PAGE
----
Furthermore, we now know what Delery, better than almost anyone else, has known for some time: Eric Holder’s public speech resembles the white paper (and therefore presumably the underlying OLC memo authorizing targeted killing of Awlaki) in most respects. Except that Holder,
- Hid one of the biggest concerns about targeted killing, the possibility it would constitute murder
- Hid concerns that targeted killing would constitute a war crime
- Hid a claim that a broadly defined interpretation of imminent threat would limit the application of the Fourth Amendment in a targeted killing of an American
- Claimed the program was subject to a great deal of oversight that it appears not to have been
In other words, Delery argued to the DC Circuit that the government should be able to make deceptive speeches to the public — in the name of educating the public! — without having those speeches trigger FOIA requirements that might allow citizens to fact check those speeches.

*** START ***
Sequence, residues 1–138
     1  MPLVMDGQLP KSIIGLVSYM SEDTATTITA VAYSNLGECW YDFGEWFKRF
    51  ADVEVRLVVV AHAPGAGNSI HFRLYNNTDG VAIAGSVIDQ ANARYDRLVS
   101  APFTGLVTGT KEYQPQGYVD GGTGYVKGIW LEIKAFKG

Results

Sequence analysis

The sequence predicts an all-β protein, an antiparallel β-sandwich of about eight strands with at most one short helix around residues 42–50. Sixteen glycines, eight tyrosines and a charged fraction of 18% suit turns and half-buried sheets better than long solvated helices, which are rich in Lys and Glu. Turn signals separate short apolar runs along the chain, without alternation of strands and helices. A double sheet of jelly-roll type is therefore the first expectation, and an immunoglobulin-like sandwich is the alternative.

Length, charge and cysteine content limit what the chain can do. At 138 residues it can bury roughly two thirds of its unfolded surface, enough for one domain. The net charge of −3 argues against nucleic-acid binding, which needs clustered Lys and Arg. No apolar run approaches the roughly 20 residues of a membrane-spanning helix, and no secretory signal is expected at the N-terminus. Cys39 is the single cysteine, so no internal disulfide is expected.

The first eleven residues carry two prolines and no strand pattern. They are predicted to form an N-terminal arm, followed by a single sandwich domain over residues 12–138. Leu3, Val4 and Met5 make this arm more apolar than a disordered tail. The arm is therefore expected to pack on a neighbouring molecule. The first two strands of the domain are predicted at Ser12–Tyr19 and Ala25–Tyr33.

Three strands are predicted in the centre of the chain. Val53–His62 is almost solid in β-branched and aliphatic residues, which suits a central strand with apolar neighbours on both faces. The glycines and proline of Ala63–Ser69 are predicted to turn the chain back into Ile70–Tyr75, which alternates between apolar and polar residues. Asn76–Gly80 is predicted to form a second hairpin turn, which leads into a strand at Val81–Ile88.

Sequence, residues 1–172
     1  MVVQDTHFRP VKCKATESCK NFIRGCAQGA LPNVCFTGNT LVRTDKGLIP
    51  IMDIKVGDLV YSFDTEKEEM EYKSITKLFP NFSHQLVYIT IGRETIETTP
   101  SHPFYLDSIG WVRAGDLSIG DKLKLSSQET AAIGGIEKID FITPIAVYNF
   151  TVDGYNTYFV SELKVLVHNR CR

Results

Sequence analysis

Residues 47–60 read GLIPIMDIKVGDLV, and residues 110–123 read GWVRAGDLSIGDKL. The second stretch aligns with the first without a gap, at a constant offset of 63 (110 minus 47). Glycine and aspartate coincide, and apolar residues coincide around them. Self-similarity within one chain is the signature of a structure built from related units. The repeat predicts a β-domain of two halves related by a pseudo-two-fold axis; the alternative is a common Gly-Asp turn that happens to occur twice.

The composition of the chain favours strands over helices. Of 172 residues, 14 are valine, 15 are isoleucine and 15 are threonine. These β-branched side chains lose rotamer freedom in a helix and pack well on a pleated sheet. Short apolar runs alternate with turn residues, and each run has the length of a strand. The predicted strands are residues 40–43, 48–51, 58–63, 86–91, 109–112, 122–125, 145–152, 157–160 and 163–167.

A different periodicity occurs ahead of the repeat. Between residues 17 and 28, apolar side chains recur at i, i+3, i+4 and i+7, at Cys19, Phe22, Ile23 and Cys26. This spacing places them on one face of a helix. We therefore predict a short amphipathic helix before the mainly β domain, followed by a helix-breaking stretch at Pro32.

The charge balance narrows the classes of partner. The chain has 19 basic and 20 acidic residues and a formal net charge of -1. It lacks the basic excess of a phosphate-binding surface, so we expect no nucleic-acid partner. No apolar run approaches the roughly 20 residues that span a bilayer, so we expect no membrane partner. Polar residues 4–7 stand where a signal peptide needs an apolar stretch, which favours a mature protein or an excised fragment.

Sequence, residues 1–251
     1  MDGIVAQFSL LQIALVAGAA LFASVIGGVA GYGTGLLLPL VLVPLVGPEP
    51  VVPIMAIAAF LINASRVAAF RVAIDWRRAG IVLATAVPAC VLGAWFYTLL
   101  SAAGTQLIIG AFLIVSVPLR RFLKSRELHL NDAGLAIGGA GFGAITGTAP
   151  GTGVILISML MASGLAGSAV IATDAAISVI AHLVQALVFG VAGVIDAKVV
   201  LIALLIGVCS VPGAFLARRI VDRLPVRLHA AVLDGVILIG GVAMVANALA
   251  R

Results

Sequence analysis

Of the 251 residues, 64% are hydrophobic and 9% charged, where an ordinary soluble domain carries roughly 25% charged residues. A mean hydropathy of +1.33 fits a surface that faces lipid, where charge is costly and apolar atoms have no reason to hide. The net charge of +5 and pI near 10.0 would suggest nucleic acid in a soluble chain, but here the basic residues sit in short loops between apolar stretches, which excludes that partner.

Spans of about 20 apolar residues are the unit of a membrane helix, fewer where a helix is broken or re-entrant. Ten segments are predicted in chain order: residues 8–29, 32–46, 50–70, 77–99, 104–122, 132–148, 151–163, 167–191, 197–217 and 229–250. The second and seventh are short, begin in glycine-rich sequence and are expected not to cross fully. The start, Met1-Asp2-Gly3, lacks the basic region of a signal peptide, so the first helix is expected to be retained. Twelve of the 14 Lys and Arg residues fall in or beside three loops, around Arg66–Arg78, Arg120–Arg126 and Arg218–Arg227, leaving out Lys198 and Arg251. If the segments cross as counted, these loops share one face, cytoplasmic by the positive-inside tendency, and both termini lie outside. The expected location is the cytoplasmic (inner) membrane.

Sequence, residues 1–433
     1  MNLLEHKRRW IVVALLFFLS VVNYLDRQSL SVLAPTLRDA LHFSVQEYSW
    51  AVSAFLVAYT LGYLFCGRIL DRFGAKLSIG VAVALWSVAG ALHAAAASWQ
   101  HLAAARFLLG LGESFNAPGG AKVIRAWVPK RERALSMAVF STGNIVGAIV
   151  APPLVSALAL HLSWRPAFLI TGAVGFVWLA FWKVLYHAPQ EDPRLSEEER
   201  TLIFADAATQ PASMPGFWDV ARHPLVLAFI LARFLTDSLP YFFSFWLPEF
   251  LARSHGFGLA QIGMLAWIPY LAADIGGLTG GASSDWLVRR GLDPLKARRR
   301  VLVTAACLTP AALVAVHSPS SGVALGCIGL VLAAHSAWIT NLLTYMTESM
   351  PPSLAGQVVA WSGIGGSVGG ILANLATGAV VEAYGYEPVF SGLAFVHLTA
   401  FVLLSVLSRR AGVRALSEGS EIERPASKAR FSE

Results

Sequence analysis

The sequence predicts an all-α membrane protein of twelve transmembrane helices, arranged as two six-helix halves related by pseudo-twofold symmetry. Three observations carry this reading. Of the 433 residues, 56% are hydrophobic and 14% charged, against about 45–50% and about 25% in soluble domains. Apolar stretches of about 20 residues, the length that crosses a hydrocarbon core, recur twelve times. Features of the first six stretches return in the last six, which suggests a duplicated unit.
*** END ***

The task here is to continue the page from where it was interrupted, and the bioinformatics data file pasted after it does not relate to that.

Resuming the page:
And the treatment of the unclassified white paper — it was provided to four committees in Congress only after the government’s response to the other ACLU FOIA was complete, so the government hid how Holder’s speech differed from the underlying memo even from Congress for months (in the case of Committees with oversight) and years (in the case of the rest of Congress). Then, when it became convenient, it was leaked, after two FOIAs requesting it had been stalled or denied. The White House Press Secretary then told reporters to go read the white paper that had been withheld in FOIA but then conveniently leaked. Thus, the white paper serves as Exhibit A in the government’s self-serving dribbling out of information, in violation of the spirit of FOIA.
Which is interesting, because here’s how Delery responded to questions about the Administration’s rampant leaking.
JUDGE GRIFFITH: I’m interested in the leaks question. Could you address that? What are we to make of these allegations of a serious pattern in strategy of leaks at the highest levels of the CIA and the Government as being a selective disclosure and it, in fact, works as an sources in media reports.